Right now I’m thinking of my favorite TV couples. And I don’t mean characters I would like to see together (there are plenty of those). I mean legitimate couples on TV right now who make me sigh and say “aw.” So here we go with a Valentine’s Day list, dedicated to my own sweetie.

Roses are red. Violets are blue. Here are three TV couples from whom we can all take a cue.

  1. Chris Traeger (Rob Lowe) and Ann Perkins (Rashida Jones) of Parks and Recreation. She’s a cute nurse and his body is a microchip. What’s not to love here?
  2. Holly Flax (Amy Ryan) and Michael Scott (Steve Carell) from The Office. They are so right for each other that it can be painful to watch.
  3. Jack Donaghy (Alec Baldwin) and Avery Jessup (Elizabeth Banks) of 30 Rock. These two Reaganites are a real power couple. And now they have a Canadian baby. But they promise to treat it as they would a normal human baby.

I just noticed that all of these couples are from NBC. What do you know? It turns out the network that couldn’t make a good sci-fi show to save its life is pretty darn good in the romance department.

Happy Valentine’s Day!

Lots of love for Big Love

Last season, Big Love took a few too many leaps, so many, in fact, that it came dangerously close to jumping the shark.  There was the weak subplot with Sissy Spacek, the bizarre standoff in Mexico, and Margene’s marriage to Goran. It all felt a bit crazy, and off track from the not-so-simple family dynamics that make this show great.

I’m pleased to report that a few episodes into its fifth and final season, the show is back on track and as good ever. In their own way, all of the characters are being forced to confront their core beliefs, making each hour interesting and surprising.

Barb, typically the bulwark of this family, is undergoing a heartwrenching struggle with her faith, as Margene is only just discovering her spiritual side. Nicki, on the other hand, seems to have worked out some of her issues, only to discover that raising a daughter is a lot more difficult than she expected.

As the wives are struggling, so is their priestholder, Bill. His political reputation is in shambles and his convictions have been continuously tested. Kudos to Bill Paxton for pulling off some very tough emotional scenes without over-acting.

Perhaps most intriguing of all is the new development with Lois Henrickson, Bill’s mother, played by Grace Zebriskie.  Lois has long been one of my favorite characters on Big Love, due in large part to Zebriskie’s ability to portray her as stubborn and sassy, but not contrived. Her dementia diagnosis comes as a huge surprise, and it should be fascinating to watch the family manage.

As it unfolds, I am increasingly bummed that it is the final season. Although they have gained some much-needed direction from the deadline, the quality of the new episodes is so good that I am not looking forward to the end.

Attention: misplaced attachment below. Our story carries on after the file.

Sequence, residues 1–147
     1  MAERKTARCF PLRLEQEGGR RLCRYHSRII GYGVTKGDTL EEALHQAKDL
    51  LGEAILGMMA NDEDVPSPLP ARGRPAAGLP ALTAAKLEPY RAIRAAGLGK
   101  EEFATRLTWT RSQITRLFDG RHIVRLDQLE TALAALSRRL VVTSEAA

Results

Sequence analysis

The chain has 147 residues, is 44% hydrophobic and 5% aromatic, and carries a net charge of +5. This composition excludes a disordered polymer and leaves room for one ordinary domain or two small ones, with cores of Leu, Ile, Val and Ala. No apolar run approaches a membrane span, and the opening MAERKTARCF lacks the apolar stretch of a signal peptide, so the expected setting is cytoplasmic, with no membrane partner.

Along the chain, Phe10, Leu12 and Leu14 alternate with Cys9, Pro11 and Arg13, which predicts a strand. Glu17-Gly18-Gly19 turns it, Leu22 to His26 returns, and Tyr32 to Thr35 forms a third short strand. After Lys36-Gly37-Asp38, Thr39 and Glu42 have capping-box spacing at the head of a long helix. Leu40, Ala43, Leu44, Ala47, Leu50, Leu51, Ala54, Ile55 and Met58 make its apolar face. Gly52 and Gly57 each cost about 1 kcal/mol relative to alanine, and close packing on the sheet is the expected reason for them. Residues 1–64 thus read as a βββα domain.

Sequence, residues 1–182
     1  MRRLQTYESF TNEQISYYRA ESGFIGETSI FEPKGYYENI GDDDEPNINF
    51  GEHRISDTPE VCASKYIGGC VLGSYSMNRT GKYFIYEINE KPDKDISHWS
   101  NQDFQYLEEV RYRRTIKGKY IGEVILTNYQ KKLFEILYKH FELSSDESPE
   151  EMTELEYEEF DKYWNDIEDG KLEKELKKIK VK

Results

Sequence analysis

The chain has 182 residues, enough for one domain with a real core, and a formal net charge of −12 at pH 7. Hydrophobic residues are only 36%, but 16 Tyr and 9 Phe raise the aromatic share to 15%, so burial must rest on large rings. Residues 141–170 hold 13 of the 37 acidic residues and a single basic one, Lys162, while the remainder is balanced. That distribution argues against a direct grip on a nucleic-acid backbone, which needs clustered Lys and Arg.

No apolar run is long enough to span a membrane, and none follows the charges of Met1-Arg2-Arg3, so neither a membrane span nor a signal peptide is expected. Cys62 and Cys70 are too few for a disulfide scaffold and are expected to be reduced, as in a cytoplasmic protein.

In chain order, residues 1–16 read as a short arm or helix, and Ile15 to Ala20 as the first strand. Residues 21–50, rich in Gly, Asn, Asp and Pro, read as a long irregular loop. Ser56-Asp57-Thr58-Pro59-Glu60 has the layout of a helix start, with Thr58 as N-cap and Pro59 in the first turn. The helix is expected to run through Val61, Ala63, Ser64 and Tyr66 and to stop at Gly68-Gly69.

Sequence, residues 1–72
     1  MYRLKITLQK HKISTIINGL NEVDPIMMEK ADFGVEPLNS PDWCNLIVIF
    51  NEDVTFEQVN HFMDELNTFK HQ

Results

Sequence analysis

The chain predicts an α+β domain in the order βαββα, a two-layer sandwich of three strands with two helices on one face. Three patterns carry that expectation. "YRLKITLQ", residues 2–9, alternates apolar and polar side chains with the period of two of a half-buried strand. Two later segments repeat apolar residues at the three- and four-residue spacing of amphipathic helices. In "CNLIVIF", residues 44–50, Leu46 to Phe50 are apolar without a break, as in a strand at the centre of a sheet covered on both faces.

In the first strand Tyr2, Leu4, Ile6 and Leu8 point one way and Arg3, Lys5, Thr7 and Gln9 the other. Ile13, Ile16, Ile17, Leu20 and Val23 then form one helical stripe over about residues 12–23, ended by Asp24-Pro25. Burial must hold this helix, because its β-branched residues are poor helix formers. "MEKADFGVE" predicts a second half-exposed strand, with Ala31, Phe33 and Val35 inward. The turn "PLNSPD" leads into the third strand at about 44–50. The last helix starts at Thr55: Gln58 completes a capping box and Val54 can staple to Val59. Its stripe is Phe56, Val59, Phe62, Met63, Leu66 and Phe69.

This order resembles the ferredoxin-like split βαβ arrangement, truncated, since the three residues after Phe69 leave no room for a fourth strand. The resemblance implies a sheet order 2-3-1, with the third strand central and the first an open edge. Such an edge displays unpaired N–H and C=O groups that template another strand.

Been a long time since I blog and rolled

Let me get back…the months of December and January are pretty slow in the TV world, and pretty busy in the real world. So I’m sorry for the prolonged blog absence. I’m still here, though, with a short post as I get back in the swing of things.

I’ve been watching The Vampire Dairies, 30 Rock, The Office, Big Love, Bone, Fringe and Jersey Shore, all of which have been awesome as usual (more on those later).

I recently added Parks and Recreation after a weekend-long Netflix marathon in which I laughed so hard my cheeks hurt.

Watching this season of Parks and Rec with the eternally good-looking and surprisingly funny Rob Lowe has only confirmed my love for this show. I even have the Swanson Pyramid of Greatness hanging in my cubicle at work. I especially enjoy the blocks for weapons, woodworking and welfare avoidance. My favorite thing about this show is the flawed, yet lovable, Leslie Knope, played by Amy Poehler. Even when she’s screwing up, she always means well and she legitimately loves the bizarre cross-section of Pawneeans (Or is it Pawneeites?) who turn out for her city forums.

Does anyone else watch Parks and Rec? If not, check it out. Leslie is like a better, more likeable version of Michael Scott. In fact, the show reminds me of early episodes of The Office, when the writing was still fresh and the cast was still fun.

10 girl crushes: My favorite ladies of TV

I just love the wit and wisdom of Dr. Temperance Brennan.

                                                                         

On the way to work this morning, I was thinking about Bones. That got me thinking about Dr. Brennan, and how much I love her character, which got me thinking about some of the other cool ladies on TV right now.

My co-blogger, Mark, has said that we are in a Golden Age of TV. I tend to agree – there are so many good things to watch right now. Part of the appeal of many of the shows I watch is the strong leading lady. It used to be that such strong women on TV were few and far between. Of course, the ‘90s gave us Dana Scully and Buffy Summers, two monoliths of TV womanhood. But to my knowledge there has never been a time when so many women dominated the tube. And the great thing about these leading ladies is that they are such diverse characters – gone are the days of the token strong-willed woman trying to eke out a living among the boys. Here are some ladies of note.

  • Dr. Temperance Brennan (aka Bones, of Bones) – Leader of squints and lover of guns, she’s a highly objective scientist who blows away the stereotype of the overly emotional woman.
  • Annie Walker (of Covert Affairs) – This rookie CIA agent doesn’t need a partner to take down the bad guys in her way. She’s spunky and fresh, not your typical tough girl, and she’s a one-woman wolf pack.
  • Fiona Glenanne (of Burn Notice) – How do I love thee? Let me count the ways. You build bombs. You rescue boys. You kill bad guys. You have impeccable style. You have such a sharp sense of humor.  And I love the way you say, “Shall we shoot them?”
  • Debra Morgan (of Dexter) – She’s hot mess when it comes to the opposite sex, and she’s got a mouth like a sailor. In seasons past, her vulnerability bordered on annoying, but this year she has really come into her own.
  • Liz Lemon (of 30 Rock) – LL is the funniest woman on TV, simply put. She’s a proud nerd who’s not afraid to admit to wearing a bathing suit as underwear. Need I say more?